Welcome to Florida. Now, can we talk?
Do you have a will? Maybe even an estate plan? How about a trust, designation of health care surrogate, or durable power of attorney? Very good if you do, but, even if your plans and preferences for the handling of your estate are completely unchanged, there may be a problem (or a host of problems) with those documents, drafted in another state, under that state’s laws.
Florida’s laws are remarkably different from most other states in a number of respects. Some wills honored in other states are absolutely not valid in Florida (such as holographic wills that lack the 2 witnesses required here). Florida law permits self-proving wills, which, if complied with, makes it much easier to admit such wills in court. But if you come from a state that doesn’t have such a law (or one structured differently than ours), it will be much more difficult to prove your will in court.
The powers of trustees are significantly different here than most other states. You can probably accomplish all of the things that you wanted to, but you may have to re-work the language to make it fit with Florida law.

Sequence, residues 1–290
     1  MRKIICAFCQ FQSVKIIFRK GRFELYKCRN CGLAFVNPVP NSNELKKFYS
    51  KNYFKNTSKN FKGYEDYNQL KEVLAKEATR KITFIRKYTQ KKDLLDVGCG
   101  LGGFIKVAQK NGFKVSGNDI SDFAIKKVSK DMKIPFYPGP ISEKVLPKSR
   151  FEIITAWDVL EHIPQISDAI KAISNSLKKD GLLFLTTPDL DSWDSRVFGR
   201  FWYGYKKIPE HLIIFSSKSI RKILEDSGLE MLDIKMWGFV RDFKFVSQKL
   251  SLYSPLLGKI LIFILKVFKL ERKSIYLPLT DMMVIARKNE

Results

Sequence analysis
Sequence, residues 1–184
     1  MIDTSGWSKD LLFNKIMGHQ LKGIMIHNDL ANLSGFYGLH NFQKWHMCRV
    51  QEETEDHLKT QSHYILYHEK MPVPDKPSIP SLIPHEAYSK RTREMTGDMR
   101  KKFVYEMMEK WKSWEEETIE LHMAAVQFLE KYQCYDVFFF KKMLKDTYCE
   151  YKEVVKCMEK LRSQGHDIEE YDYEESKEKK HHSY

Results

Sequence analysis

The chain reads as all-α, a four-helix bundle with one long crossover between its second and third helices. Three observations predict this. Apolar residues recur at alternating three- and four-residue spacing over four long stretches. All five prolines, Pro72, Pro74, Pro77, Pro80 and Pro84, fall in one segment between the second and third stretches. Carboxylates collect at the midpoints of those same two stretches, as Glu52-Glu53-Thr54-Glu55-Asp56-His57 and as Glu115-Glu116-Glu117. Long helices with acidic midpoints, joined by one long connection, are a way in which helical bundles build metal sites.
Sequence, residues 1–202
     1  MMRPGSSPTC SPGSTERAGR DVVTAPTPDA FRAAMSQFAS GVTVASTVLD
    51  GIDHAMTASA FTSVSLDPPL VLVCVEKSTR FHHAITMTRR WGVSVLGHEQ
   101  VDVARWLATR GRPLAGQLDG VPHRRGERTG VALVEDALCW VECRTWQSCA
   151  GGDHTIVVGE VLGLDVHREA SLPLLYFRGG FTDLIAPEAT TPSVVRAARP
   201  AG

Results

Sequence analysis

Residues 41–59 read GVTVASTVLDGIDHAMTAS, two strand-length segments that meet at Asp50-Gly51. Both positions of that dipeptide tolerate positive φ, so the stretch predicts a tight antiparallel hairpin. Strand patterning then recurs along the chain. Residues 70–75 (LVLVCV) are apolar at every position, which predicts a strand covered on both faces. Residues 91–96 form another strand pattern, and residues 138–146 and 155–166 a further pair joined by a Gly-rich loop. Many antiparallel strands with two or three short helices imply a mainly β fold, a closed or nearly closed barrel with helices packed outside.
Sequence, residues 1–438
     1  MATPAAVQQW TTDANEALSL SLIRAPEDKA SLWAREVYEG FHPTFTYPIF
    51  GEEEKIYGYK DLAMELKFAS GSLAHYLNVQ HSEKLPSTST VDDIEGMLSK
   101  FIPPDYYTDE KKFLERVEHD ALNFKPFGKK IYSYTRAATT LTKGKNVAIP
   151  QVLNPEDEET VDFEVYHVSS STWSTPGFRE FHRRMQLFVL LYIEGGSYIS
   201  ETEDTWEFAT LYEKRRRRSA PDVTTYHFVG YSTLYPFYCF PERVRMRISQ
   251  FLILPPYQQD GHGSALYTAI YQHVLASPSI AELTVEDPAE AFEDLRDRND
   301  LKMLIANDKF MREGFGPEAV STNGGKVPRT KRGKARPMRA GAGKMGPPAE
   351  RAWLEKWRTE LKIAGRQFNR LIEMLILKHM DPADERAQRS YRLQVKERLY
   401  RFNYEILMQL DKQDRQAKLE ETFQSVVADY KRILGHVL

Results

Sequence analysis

Powers of attorney have special rules in Florida. Some powers you would give to your agent are considered “super-powers,” and require special documentation to prove that you actually meant to grant such powers.
Florida’s homestead laws are truly a nightmare for non-Florida attorneys. Even we refer to homestead as Florida’s legal chameleon, as homestead means a number of different things in different contexts. Mis-application of homestead law can destroy your estate plan. It can also affect the real estate taxes you will pay during your lifetime, so some skill needs to be applied to such decisions.
Similarly, great thought needs to be given to the exact form of legal title in which you should take real estate. Many people put great effort into an estate plan, and then destroy it all by writing deeds changing their title.
Probate in Florida, like many states, is often very expensive, sometimes running from about 3% to 7% of the value of the entire estate. If you don’t have a trust in Florida, just a will, your family will likely end up going through probate.
This is just a thumb-nail list of changes that may be required in your documents to make them valid and enforceable in Florida, and there are many others, but cheer up.
The very good work you did with your up-north attorney is not lost. All that effort at gathering information, organizing your affairs, and thinking it all through will make the job of updating your planning documents to comply with Florida law much easier.